Repairing the vertical position control pot restored power to most of the B+ rails and the high voltage was functional once again. A quick way to verify the high voltage is functional is either by bringing a neon bulb near the transformer and see it glow without making contact or using a screwdriver to draw an arc off the plate of the 1B3 HV rectifier tube. However, the TV still refused to produce a picture. After fiddling with the controls and slightly tweaking the ion trap, I noticed a very dim raster visible in a dark room as shown in the following picture.

In 2005, I obtained a CRT tester to test the 16GP4. The tester indicated the 16GP4 was weak at 20% emissions, so I decided I could not make further progress without finding a replacement CRT. Now the search for the unobtainum 16GP4 CRT began. I had the opportunity to buy a replacement from a well-known TV collector at the time, but balked at the $75 price tag to purchase and ship the CRT for a TV that only cost me $5 at the time. I have regretted that decision not to buy the CRT at the time for literally a decade because 16GP4 CRTs seldom turn up and when they do, they find a home fairly quickly and often for a higher price. In 2015, I was fortunate to come across a good 16GP4 CRT tested with 80% emissions in the Early Television Foundation parts listing for a similar reasonable price that I had turned down 10 years earlier. After the CRT had arrived in the mail, I was curious to use the same CRT tester to compare the new tube to my existing one. To my surprise, the tester claimed the new tube was at 15% emissions and the one I had to begin with was at 20%. So in an interesting twist of events, after searching long and hard for a replacement 16GP4, I ended up with 2 good CRTs and a broken junk CRT tester! I decided to keep the second 16GP4 CRT as a spare considering how hard it was to find. The TV still did not produce a picture so I was back where I left off 10 years ago.

So the original issue I left off was the raster was very dim despite restoring the B+ rails and having functional high voltage. Since a decade had passed since I last looked at the chassis, I decided to reinspect my work and check voltages. All the B+ rails were functional but a little higher than the schematic called for. In my inspection, I uncovered an old mistake in forgetting to connect a wire to the vertical centering pot so the vertical oscillator wasn't properly receiving power. After a quick correction, the B+ rails all came back within expected range with the slight added load of the vertical oscillator. After most of the voltages seemed reasonable, there was no explanation for the dim raster. I started to wonder if the ion trap was misadjusted since I don't recall ever touching it in all the time I've had the TV. I just assumed it was in the correct position or was close. After sliding the ion trap magnet back and forth and rotating it 90 degrees clockwise or counter-clockwise and seeing no improvement, I decided to just rotate it 180 degrees and suddenly a bright raster finally appeared!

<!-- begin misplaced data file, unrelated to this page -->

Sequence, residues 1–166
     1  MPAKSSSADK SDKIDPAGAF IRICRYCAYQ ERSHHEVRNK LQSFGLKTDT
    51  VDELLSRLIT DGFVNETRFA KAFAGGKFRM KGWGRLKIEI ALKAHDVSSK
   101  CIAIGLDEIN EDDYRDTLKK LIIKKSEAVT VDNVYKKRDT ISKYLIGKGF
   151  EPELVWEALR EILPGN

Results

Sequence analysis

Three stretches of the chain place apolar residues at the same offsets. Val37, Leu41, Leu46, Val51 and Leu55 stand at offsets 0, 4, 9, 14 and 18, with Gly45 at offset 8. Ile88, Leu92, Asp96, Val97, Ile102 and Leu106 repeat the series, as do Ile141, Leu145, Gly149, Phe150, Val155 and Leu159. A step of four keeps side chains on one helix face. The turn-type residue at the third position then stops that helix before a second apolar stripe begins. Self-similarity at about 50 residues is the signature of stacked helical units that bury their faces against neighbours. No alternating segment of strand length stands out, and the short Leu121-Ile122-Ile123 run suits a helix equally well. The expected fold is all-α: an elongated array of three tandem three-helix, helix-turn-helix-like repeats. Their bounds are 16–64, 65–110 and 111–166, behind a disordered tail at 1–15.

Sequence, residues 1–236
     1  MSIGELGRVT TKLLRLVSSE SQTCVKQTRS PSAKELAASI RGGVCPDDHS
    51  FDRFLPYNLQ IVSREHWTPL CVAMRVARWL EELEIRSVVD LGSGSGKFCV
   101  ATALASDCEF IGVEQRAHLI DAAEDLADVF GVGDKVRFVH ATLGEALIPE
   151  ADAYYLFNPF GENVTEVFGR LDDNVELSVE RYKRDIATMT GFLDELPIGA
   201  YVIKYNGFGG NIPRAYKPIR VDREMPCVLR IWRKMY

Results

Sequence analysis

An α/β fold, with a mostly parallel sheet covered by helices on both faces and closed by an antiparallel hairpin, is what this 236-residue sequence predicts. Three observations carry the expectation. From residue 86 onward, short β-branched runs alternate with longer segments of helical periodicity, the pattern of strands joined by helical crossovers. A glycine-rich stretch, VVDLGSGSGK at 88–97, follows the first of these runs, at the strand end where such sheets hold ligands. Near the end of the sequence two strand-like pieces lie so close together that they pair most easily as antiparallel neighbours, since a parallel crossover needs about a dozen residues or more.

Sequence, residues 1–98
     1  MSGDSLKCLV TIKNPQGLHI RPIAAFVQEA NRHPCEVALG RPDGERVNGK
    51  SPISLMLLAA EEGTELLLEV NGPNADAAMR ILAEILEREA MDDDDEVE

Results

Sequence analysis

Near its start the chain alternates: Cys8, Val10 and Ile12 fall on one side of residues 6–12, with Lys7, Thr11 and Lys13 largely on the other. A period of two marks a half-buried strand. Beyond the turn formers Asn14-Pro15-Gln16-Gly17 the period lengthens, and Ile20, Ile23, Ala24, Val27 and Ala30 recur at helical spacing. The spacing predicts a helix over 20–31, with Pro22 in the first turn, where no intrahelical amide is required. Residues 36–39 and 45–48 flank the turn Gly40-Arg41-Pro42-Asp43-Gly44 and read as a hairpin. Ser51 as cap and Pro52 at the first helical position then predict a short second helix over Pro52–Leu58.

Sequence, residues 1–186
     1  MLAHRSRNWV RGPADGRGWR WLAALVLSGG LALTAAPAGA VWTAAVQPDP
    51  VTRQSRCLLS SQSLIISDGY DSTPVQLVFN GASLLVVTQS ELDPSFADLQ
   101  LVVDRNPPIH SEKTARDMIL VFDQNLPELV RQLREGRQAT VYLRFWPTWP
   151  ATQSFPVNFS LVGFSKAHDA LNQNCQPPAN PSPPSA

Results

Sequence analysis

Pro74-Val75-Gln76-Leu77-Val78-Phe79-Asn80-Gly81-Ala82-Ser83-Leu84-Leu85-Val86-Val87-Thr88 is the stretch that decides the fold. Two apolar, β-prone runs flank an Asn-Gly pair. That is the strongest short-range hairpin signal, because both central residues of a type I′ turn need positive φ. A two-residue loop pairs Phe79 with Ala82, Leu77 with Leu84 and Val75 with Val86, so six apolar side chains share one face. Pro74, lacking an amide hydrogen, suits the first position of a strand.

I would have not guessed that the ion trap would have been positioned completely upside-down, but obviously one should not assume. It would be a good interlude to take a moment and explain the purpose and function of a CRT ion trap. The following picture shows the ion trap on the 16GP4 CRT of the Sentinel 416 in the proper position. In the picture, the ion trap is a little magnet with 2 metal brackets covered with blue plastic clamping around the CRT neck.

All vacuum tubes including CRTs are never made with a perfect vacuum. As a consequence, impurities may be emitted from the cathode of the tube along with the electrons. Since these impurities are atoms or molecules emitted with a negative charge, they are called ions. The early prewar and postwar televisions used smaller CRTs utilizing electrostatic deflection so the electrons and ions were deflected together in a single beam. As CRT screen sizes grew, much higher deflection voltages would have been required so it was impractical to continue to use electrostatic deflection. It is much easier to just generate a constant high voltage and deflect the electron beam magnetically. The magnetic deflection introduced a new problem. While ions and electrons can be deflected together electrostatically, ions are heavier than electrons and deflect less in a magnetic field so early magnetically deflected CRTs with a straight electron gun would have the electron beam deflected to generate the picture, but the ions shot straight through to the center of the CRT screen causing permanent phosphor damage. This issue has been discussed in various patents such as US patent 2569517 from 1951 for the ion trap shown below.